Erik Hanson, from Omaha, Nebraska, jumped on a Megabus to Chicago with his mother Patricia, and his friends John Jacobsen and Joyce Jacobsen to explore Andersonville’s rich Swedish culture.
What do you know about Andersonville?
At one time, it was the the center for the second biggest Swedish community in the world after Stockholm. A lot of Swedes settled down here after arriving at Ellis Island on the east coast. Andersonville was one of the first stops in America. My grandfather came over in 1912 and Andersonville was his first stop before he ended up in Omaha. Other popular locations for the Swedish immigrants were Iowa, Minnesota and Bishop Hill in Illinois.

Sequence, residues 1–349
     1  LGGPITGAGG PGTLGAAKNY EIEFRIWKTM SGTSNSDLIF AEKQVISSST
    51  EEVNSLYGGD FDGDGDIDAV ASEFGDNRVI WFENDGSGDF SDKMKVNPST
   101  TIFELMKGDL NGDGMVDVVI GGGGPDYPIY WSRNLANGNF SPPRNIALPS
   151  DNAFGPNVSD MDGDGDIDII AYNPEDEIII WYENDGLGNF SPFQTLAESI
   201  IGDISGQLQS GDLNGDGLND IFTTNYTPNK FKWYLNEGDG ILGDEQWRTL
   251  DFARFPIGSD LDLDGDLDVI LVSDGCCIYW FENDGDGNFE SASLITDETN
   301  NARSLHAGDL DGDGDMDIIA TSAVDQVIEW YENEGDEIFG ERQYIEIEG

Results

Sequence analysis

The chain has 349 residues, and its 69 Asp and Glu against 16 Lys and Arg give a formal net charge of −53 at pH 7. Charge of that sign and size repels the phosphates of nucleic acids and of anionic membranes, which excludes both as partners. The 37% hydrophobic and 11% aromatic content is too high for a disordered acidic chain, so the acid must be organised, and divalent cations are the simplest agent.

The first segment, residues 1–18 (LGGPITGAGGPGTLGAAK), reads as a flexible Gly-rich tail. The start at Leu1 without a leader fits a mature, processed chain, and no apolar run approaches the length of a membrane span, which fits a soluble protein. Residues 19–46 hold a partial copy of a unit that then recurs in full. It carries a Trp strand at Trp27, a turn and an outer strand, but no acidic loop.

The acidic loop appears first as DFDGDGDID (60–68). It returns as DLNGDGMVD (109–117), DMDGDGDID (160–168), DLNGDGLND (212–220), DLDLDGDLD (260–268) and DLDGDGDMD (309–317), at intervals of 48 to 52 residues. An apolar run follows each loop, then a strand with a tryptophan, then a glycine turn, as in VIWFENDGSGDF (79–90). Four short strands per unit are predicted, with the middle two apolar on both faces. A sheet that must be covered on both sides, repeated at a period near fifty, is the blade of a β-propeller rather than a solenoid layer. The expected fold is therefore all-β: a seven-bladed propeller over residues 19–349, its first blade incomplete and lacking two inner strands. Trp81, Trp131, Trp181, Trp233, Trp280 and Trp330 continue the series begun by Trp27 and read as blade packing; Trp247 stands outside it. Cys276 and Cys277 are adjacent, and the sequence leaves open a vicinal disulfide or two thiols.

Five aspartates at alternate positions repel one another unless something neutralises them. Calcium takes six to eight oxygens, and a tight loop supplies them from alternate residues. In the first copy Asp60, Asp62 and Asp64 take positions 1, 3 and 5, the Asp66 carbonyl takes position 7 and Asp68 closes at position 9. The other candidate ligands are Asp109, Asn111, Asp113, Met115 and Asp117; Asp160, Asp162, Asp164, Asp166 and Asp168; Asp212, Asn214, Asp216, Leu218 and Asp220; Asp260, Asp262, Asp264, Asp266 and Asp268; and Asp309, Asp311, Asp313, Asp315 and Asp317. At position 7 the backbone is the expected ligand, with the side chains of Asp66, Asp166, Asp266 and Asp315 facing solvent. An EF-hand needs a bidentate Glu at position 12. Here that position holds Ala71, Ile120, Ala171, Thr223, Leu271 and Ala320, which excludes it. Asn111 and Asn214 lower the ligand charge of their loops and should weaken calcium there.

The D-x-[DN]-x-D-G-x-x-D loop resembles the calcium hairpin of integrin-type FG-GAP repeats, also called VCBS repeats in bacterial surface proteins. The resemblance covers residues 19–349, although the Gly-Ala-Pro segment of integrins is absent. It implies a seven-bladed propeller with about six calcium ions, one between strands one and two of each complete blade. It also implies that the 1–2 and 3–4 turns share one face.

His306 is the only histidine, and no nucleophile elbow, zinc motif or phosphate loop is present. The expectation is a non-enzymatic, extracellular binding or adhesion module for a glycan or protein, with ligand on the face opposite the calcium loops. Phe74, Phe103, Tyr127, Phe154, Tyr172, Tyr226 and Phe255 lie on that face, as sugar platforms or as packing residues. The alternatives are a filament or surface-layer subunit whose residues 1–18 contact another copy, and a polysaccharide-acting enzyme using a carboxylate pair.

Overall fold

What do you know about Sweden?
I’m taking language classes in Swedish. If I understood it right, what Sweden is today is very different from 100 years ago. The standard of living, class structure, farming, religion, merchants and towns.
Earlier on Andersonville:
When Jultid became Yuletide
and, on the Swedish American Museum: The Swedish American Museum in Chicago's Andersonville
and, its founding Executive Director: Creator, founder, visionary